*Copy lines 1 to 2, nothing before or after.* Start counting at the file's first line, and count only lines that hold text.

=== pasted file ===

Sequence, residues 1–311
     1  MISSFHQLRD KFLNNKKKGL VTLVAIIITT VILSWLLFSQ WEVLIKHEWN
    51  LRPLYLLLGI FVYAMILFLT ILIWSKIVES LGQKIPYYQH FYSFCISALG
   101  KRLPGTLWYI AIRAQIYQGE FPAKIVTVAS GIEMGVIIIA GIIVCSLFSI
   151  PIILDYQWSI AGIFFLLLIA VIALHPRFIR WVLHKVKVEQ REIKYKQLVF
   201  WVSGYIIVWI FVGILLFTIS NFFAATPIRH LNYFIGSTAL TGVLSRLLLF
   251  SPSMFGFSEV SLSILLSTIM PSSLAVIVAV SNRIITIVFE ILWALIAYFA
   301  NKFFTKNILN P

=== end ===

Sequence, residues 1–311
     1  MISSFHQLRD KFLNNKKKGL VTLVAIIITT VILSWLLFSQ WEVLIKHEWN